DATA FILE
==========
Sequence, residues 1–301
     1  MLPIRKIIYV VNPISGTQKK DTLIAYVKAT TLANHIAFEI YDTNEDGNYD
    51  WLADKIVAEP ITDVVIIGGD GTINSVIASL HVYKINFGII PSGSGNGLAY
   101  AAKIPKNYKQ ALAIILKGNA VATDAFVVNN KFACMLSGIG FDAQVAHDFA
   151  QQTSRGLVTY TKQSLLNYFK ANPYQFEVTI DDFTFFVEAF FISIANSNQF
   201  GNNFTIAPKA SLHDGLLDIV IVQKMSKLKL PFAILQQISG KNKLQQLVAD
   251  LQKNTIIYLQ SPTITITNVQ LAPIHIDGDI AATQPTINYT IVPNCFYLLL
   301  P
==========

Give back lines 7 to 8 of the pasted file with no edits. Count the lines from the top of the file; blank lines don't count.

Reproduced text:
   251  LQKNTIIYLQ SPTITITNVQ LAPIHIDGDI AATQPTINYT IVPNCFYLLL
   301  P